I would relapse, start over, relapse, start over, and on and on and on. Did I change up my strategy? Nope. Well, maybe I changed up the self-help book I was leaning on, but effectively, no I did not. 

I didn’t drag my defeated butt to AA or join any other sober communities. I didn’t make an appointment with a doctor or psychiatrist to have an open discussion about what was going on with me. 

Hell, I didn’t even talk to my closest friends about the drinking. I’d blabber on and on about anything else (mostly dramatic retellings of my innermost miseries), but never about the drinking.

I just kept starting over and trying to white-knuckle my way to sobriety, allowing the tug and pull of to drink or not to drink to occupy 80% of my brain. 

I was miserable. 

I wasn’t really trying.

The extent of my trying came in the now comical form of attempting to read a Gabby Bernstein book and force a spiritual reckoning with my “higher power.” She told me through her books that she went from boozy cocaine addict to sober, spiritual warrior overnight. 


She asked God for help and he/she/it actually responded and said if she got clean, all her dreams would come true. AND I BELIEVED IT.

Like with every fiber in my being, I thought I could visualize, meditate, and beg my way out of drinking. I lived in a constant state of denial, refusing to see the extent of my brokenness.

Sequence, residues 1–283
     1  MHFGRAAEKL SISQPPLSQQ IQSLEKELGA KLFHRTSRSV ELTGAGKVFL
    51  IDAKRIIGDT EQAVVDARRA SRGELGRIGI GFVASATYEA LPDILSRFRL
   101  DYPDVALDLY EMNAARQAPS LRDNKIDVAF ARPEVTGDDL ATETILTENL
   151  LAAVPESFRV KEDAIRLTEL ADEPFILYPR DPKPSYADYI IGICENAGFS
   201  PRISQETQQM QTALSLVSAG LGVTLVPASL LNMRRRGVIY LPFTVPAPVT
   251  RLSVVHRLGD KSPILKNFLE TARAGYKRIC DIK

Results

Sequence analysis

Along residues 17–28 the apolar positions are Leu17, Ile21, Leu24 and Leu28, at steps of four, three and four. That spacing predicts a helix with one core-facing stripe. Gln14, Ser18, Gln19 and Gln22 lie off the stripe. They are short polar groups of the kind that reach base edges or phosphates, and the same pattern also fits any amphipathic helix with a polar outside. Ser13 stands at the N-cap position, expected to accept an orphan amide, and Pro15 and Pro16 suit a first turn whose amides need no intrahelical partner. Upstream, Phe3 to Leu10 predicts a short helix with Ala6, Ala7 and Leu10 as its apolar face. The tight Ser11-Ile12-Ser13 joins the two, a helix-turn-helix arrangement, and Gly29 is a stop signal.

And so I kept screwing up. 

I’m sure I invented a million different reasons why sobriety didn’t work for me and turned those things into excuses to keep drinking. It was easier to believe I was irredeemable than to muster the courage to go to an AA meeting or say the quiet part out loud: “I have a problem with drinking. It’s ruining my life and I don’t know how to stop.”

Walking The Tight Rope

There’s a delicate balance we have to strike in sobriety.

On the one hand, if we DO mess up and drink, we need to feel empowered to start again. To believe that one mistake does not condemn us to a life of drunken misery. That pieces of the sky are not falling on our heads.

On the other, we can’t be so cavalier about it. If you’re taking your sobriety seriously, you have to be equally serious about relapse

Drinking again after you commit to sobriety is a BIG deal. And if it doesn’t feel like it is, then it’s time to have a heart-to-heart with yourself about whether you’re truly committed to sobriety in the first place. 

Drinking habits and alcoholism exist on a spectrum. Maybe yours is not an urgent case and you’re still in the questioning phase (totally fine!).

But be honest with yourself. 

If you fall into the range of harmful, at-risk, or dependent drinking, then you may be staring down a shrinking window of opportunity to get it together. 

And for those of us who fit that descriptor, it’s important to re-evaluate how we look at relapse.

It is not necessary or useful to beat yourself up over it. But it is a sign that you need to do more and approach your sobriety from a different angle. 

And you know what?

You don’t have to know what that different approach is. If you did, you might not have relapsed in the first place. No, you just have to be teachable and willing to accept help from someone who’s been there. 

Maybe that guidance comes in the form of AA and working the steps with a sponsor, maybe it comes in the form of a psychiatrist or addiction specialist. Perhaps you check in to a program or find a sober community to help keep you accountable.